Some say the fly orchid resembles Black Adder in his Elizabethan velvet trousers and lace shirt. A proper little dandy.
Others think it resembles a bluebottle fly. I have been on the trail of this exquisite little orchid for fort years and get quite a feeling of pleasure every year when I find one.
They are common in Sussex. Just look on the woodland track sides especially under beech trees and – well, you might easily pas by without seeing them. Though this picture by Chichester’s Brian Henham makes it look as big as snap dragon, the fly orchid really is just that – a fly. If it looks like a bluebottle it is a skinny one indeed.
Enough of insults. If ever you believed in fairies – as the Elizabethans did – here is a woodland Dryad. Even a Nyad since it loves the shady places.
Unlike the bee orchid, which is an agricultural coloniser like the poppy, needing recently turned soil, the fly orchid grows year after year in the same place.
Fifty have grown in just one acre of downland at Kingley Vale for at least forty years. They grow nowhere else on that nature reserve which covers half a square mile.
They grow on Bignor Hill at Inholmes Wood near Stoughton and in lots of old beech and oak woods along the South Downs ridge – 34 tetrads to be exact, contain the fly orchid.
It is attractive to small flies of many species which visit the pale blue and purple lip for a kind of nectar only they find tasty. Wasps and honeybees don’t go near it.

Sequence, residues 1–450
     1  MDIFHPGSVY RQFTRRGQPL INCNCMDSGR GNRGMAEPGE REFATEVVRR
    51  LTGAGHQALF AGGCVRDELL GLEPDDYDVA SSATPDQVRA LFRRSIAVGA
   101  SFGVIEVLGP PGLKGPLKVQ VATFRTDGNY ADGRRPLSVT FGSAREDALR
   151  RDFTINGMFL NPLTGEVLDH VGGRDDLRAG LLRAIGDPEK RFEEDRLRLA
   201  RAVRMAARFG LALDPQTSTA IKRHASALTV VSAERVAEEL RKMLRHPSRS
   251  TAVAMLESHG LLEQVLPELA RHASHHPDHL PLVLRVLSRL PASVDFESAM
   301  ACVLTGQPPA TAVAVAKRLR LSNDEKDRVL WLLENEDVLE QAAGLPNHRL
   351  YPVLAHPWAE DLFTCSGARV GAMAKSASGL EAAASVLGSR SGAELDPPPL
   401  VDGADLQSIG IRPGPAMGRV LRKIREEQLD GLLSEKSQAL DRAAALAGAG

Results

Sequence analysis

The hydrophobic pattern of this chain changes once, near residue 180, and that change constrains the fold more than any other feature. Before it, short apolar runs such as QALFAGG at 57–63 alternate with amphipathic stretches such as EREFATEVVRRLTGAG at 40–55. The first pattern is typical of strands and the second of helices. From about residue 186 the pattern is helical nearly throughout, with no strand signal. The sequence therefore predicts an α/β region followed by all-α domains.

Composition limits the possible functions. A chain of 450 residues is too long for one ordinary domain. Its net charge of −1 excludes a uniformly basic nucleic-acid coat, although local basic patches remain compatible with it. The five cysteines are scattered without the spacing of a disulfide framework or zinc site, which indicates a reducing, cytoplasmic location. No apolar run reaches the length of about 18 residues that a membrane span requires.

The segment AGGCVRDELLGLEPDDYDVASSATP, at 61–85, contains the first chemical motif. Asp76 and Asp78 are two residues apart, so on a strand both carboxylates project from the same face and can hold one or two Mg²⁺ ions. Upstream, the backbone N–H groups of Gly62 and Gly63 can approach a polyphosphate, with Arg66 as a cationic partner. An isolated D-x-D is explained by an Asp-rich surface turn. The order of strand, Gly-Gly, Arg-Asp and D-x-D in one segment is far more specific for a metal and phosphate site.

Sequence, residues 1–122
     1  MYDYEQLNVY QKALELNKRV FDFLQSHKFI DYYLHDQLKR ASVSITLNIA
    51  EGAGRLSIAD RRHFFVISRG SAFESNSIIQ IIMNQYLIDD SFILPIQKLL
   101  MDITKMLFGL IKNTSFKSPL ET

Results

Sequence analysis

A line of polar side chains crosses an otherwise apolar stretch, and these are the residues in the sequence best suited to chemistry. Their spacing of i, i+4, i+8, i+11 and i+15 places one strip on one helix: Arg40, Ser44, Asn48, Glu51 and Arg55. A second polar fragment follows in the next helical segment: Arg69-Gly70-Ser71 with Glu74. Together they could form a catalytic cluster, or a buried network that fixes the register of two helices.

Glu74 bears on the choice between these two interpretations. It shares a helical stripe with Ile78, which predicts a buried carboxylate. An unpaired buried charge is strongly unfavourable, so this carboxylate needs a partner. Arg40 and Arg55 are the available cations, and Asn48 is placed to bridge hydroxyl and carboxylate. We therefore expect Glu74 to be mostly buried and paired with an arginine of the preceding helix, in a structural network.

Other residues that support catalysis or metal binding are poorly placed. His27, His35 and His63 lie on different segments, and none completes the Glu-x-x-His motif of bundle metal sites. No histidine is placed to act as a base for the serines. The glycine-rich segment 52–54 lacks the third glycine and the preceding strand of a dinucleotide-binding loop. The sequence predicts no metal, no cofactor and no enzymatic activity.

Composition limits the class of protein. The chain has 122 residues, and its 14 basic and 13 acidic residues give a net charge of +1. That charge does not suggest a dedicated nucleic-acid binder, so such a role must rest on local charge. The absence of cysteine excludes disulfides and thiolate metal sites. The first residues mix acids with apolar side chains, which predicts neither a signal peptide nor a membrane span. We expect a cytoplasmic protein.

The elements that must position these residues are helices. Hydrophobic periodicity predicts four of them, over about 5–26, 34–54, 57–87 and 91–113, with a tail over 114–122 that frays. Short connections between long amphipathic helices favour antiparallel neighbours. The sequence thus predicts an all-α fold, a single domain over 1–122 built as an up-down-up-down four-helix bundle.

These small insects take the pollen away in the containers the flower provide specially for safe travel. As the insect visit another fly orchid with these pollinia stuck to its body, the next flower is fertilised.
I once found at the Kingley Vale site, two or three fly orchids which had become triplets. Each of the blooms on each separate green stalk had three blooms instead of the usual one. It only happened for one year, the plants returning to normal flowering the next year.
I have never seen any more nor heard from botanists that they have either. It may have been what they call fastigiation, which you see with thistles and foxgloves.
The stem somehow receives a hormone that causes replication on a crazy scale. I have seen a ragwort stem looking like a piece of green corrugated iron, and a marsh thistle stem nine inches wide like a sawn plank of wood.
Fly orchids were late this year, still blooming in late June due to the old winters.
But there are still several of our 26 species of wild orchid in Sussex still to come.